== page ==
The Workers' Compensation COLA bill, S929, was pulled from the Assembly Board list on March 26, and no vote was taken in the New Jersey Legislature. This legislation will probably not be voted on until after the budget break, however, the bill does have support. The cost of the legislation may be the primary reason for the Assembly appropriations committee to vote no and/or the Governor to veto the bill if it reaches his desk.
The bill provides (from July 1, 2015 forward) an annual cost of living adjustment (COLA) in the weekly workers' compensation benefits rate for workers rendered totally and permanently disabled from a work place injury, and for the surviving dependents of any worker who dies from a work place injury (dependency benefit). The COLA would be an amount such that when added to the workers' compensation weekly benefit rate initially awarded, the sum would bear the same percentage relationship to the maximum benefit rate at the time of the adjustment at the initial rate, or to the maximum rate at the time of the initial award except:
- The amount of the adjustment is reduced as necessary to ensure that the sum of the adjustment and the amount initially awarded does not exceed the amount which would cause any reduction of Social Security Disability Benefits;
- The Bill reduces supplemental workers' compensation benefits for employees injured after 1979 by the amount of any Social Security Disability Benefits, black lung benefits or employer share of disability pension payments received from or on account of an employer;
- The Bill requires that the COLA benefits will not be paid to any individual who elects not to receive benefits under the Federal Old Age & Survivor Disability Act.
The current law requires adjustments in the rate of workers' compensation benefits for death and total disability for of injuries, or death, occurring before January 1, 1980. This special adjustment was created due to the significant changes made to the workers' compensation statute that took effect in 1980 that substantially increased the value of significant permanent disabilities. The current law already automatically adjusts the rate of compensation on an annual basis based upon the state average weekly wage.
In regard to the new COLA proposal, the New Jersey State Bar Association set forth its opposition to the legislative proposal with the following position statement:
The New Jersey State Bar Association opposes this legislation in order to preserve the "Reverse Offset" provision in New Jersey, visa vie Social Security, which provides for a reduction of the workers’ compensation benefit of a worker also receiving disability insurance. Enacting this legislation has the potential of harming the economic integrity of New Jersey's current cost effective system by allowing for a double recovery of disability benefits and workers' compensation benefits, which will in turn increase the cost of doing business in New Jersey. A potential alternative that would limit these adverse consequences would be to limit the application of the bill to survivor/death benefits.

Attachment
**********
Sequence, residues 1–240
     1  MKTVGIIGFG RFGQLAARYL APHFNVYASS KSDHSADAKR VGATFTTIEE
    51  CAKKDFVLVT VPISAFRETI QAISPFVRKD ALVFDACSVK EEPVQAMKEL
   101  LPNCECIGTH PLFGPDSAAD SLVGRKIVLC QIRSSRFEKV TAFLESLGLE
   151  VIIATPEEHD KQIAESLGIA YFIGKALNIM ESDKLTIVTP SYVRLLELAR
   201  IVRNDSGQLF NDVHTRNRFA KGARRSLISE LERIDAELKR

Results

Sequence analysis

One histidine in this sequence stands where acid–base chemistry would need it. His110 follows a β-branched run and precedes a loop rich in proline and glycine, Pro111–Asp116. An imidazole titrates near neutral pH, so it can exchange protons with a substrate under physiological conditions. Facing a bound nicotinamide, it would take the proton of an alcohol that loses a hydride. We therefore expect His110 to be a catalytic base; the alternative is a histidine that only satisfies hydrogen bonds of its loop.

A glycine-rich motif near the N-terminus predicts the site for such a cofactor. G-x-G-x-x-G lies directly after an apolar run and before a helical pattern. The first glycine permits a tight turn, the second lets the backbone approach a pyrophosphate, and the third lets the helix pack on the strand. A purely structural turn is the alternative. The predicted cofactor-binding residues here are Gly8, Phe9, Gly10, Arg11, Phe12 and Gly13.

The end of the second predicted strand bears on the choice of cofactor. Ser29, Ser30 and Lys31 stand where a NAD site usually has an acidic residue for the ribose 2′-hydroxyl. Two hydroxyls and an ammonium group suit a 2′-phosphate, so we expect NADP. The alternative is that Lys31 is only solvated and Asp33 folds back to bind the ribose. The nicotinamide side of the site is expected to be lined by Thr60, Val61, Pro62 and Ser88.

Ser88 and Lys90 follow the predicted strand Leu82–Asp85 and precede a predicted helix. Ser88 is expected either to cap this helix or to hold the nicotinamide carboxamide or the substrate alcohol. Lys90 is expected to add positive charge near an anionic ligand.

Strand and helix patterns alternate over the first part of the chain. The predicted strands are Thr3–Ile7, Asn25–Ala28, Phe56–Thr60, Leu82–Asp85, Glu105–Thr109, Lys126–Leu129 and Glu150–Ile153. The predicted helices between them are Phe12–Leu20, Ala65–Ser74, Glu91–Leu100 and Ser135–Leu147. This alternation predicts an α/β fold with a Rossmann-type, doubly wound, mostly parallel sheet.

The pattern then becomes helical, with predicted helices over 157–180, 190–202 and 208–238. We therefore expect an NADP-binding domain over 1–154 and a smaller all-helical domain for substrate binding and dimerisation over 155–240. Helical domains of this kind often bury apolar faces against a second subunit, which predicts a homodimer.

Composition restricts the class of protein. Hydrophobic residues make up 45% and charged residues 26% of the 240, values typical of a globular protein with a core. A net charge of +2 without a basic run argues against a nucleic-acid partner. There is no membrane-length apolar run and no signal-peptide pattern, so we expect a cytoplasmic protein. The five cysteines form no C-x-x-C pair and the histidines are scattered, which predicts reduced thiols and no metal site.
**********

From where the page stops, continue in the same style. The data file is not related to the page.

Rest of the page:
Others opposing the legislation include the New Jersey Chamber of Commerce, the New Jersey Food Counsel and the New Jersey Business Industry Association.
If fully implemented, the bill is anticipated to cost $58 million dollars annually in fiscal year 2018, according to the Office of Legislative Services. All costs are to be offset by additional surcharges levied on certain workers' compensation policy holders and self-insured employers that are deposited into the Second Injury Fund.
This bill extends those adjustments paid from the Second Injury Fund to claims originating after December 31, 1979, although the adjustments would apply only to benefits paid on those claims after July 1, 2015.
It is proposed that the special adjustment be phased in, in increments over a three year period to "avoid an abrupt fiscal impact on the workers' compensation system." One- third of the special or supplemental benefit rate would be paid during the first year, two-thirds of the rate during the second year and the full amount during the third and subsequent years.
The bill contains strict time limits for workers' compensation insurance carriers and self-insured employers to notify the Second Injury Fund when a supplemental workers' compensation benefit is required under the bill. An insurer or self-insured employer is required to provide notice not more than 60 days after the supplement is awarded over a voluntary payment has begun and failure to notify the Second Injury Fund results in the insurer or employer being required to make the payment until such required notice is provided.
By: Mark Setaro and Richard Tavani